The most important aspect of the application is the idea. “You need to make a convincing argument that the networking is not already done and will lead to impact,” says Reimink. “If it’s an innovative idea and has a strong promise, it has a chance.”

Applicants don’t need a step-by-step plan on what they’re going to use the grant for, but rather a convincing argument that their field of research can benefit from networking across Europe.

Because of this, the Actions are often interdisciplinary and multidisciplinary, bringing together researchers from different fields to address research questions. Other Actions bridge connections in emerging fields of science.

Who the applicants are ultimately doesn’t matter. COST uses double blind evaluation, meaning evaluators don’t know who the applicants are at either stage of the assessment.

How much funding can you get and how?

Applying for COST funding is easy. You don’t need too much experience or too much support to fill out the 15 page single-stage application.  

If successful, each group then gets an estimated €125,000 in its first year and an average of €150,000 per year for the next three years.

The application is led by a main proposer and includes at least seven peers. When the group gets the funding, COST Association helps them set up the implementation of the project, unless they already have their own action plan.

And once it’s set up, a network can keep growing, with new researchers and institutions joining. This is unlike other EU research grants.

The partner mix is also up to the researchers to decide. Some groups may be industry heavy. Others may be dominated by researchers from academia. Some are interdisciplinary. Others concentrate on one emerging field. It’s all bottom-up.

There is one clear rule: at the proposal stage, at least half the countries represented in the proposal must be an inclusion-targeted country. The inclusion countries are the ones that typically are less represented in projects. Think Widening countries. Here’s a map showing which countries these are.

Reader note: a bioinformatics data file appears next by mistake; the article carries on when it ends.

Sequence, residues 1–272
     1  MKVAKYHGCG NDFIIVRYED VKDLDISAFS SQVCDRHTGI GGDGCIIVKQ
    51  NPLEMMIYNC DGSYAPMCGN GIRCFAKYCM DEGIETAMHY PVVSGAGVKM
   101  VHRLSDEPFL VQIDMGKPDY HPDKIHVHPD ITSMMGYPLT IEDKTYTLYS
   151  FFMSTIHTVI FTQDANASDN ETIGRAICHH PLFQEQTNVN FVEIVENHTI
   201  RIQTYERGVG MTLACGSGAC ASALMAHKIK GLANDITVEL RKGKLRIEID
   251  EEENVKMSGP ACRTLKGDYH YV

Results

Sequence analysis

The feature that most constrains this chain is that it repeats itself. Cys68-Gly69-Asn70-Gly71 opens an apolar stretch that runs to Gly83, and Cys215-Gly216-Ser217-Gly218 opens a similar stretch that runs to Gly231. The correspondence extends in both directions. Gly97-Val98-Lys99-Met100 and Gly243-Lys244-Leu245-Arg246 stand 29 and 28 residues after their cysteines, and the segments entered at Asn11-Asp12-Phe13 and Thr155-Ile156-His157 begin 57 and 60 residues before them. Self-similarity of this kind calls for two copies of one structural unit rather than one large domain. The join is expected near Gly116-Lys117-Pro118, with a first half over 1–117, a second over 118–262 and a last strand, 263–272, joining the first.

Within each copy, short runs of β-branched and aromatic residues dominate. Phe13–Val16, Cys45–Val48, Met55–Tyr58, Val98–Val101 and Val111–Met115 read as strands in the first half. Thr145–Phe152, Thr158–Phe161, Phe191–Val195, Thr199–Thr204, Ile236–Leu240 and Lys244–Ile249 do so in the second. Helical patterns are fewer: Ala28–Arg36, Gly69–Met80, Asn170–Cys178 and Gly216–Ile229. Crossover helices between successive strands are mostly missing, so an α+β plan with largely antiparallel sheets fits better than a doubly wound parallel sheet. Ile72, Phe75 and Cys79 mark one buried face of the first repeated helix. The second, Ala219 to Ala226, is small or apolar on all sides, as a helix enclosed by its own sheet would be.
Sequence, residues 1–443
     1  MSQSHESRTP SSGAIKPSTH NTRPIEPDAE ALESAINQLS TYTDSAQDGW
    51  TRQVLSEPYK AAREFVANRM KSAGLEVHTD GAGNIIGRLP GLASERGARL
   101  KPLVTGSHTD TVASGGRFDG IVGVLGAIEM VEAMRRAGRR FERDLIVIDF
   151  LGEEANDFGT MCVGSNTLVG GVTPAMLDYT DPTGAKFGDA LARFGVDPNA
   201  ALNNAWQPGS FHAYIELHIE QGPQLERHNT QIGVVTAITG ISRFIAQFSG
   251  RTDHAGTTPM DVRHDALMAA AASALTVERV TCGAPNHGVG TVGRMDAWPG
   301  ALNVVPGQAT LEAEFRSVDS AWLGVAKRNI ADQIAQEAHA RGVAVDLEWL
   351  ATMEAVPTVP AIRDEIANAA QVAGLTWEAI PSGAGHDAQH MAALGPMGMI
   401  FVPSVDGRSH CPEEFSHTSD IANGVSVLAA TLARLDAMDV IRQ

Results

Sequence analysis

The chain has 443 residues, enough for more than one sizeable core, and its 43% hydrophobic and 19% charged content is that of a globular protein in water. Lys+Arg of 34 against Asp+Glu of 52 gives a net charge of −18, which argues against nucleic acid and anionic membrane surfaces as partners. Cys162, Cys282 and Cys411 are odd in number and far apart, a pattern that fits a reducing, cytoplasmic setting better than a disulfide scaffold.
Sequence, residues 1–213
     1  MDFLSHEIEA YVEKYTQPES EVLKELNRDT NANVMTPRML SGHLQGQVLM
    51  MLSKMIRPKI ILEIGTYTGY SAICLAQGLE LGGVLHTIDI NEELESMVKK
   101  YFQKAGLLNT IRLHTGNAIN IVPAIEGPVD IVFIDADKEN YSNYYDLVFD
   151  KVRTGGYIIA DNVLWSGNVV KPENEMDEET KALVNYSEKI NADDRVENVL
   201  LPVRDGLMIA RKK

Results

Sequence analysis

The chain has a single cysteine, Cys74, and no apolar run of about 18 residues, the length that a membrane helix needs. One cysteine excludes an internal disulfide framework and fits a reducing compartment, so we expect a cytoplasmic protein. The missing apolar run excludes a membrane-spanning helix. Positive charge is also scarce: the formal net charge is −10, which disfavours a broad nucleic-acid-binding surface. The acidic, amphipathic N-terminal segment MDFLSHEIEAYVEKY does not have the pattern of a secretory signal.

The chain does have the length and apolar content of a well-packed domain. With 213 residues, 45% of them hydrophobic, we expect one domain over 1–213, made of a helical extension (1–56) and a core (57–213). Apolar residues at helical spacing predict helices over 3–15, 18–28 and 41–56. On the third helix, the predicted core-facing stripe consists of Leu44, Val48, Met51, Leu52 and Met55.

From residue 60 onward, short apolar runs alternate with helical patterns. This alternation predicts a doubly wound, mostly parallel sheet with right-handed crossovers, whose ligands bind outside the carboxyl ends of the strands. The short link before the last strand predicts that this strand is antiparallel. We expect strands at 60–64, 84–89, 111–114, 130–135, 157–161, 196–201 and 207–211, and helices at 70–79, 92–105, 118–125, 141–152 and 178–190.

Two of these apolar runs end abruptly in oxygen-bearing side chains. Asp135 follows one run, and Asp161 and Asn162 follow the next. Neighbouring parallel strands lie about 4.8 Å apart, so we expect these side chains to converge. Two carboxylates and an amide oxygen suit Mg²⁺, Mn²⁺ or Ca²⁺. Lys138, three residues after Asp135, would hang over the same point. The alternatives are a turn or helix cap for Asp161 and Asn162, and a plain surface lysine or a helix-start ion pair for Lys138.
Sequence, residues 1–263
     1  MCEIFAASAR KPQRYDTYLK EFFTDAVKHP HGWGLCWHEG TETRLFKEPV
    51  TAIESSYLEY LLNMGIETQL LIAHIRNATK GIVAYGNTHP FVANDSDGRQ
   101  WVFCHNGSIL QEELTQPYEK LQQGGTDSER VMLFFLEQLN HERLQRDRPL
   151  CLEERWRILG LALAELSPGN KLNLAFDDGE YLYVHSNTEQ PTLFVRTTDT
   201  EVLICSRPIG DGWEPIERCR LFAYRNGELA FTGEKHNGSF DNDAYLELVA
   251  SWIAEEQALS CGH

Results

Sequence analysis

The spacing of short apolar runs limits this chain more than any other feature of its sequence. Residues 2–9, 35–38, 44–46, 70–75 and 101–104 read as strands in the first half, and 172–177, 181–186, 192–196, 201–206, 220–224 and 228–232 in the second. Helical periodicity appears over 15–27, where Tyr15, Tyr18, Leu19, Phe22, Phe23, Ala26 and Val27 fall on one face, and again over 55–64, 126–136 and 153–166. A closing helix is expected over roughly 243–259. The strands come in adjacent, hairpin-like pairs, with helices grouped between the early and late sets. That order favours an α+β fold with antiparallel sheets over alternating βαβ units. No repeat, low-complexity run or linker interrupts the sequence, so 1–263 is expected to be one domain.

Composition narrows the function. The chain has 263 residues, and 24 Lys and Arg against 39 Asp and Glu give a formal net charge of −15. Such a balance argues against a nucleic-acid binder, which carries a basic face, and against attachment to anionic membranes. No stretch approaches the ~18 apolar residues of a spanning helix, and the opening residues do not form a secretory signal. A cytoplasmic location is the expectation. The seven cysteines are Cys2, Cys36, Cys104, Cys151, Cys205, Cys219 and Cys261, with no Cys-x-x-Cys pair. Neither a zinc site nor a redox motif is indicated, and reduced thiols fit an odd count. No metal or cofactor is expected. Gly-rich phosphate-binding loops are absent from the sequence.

Otherwise, the call is open to researchers from Horizon Europe countries and countries that have been associated to EU’s framework programmes at least twice. UK and Switzerland are members.

Researchers from other countries can take part if they find other sources of funding to cover costs.

Track record

In the last two years, COST funded 70 Actions annually. And it’s a diverse bunch of projects. In 2023, half of the projects were interdisciplinary, involving at least two different fields of science.

Last year, 19% of main proposers were young researchers, 47% of main proposers were women, 26% of main proposers came from inclusiveness target countries and 66% of proposals featured industry participants.

The biggest number of actions, 49%, were in natural sciences fields, followed by 27% in social sciences, 27% in engineering and technology, 26% in agricultural sciences, 20% in medical and health sciences, and 19% in humanities.

The networks are big. In the 2023, COST received 522 submission involving 21,286 proposers. That's 43 research per proposed network on average.

The success rate isn’t too promising at 18.7%, up from 17.4% in 2022. But on the bright side, application isn’t as demanding as the rest of Horizon Europe.  

The geographical spread of participants is even, compared to the rest of Horizon Europe. This is by design. “There’s a geographical disbalance in Horizon Europe. What you see in COST is that between countries, there’s far more balance,” says Reimink.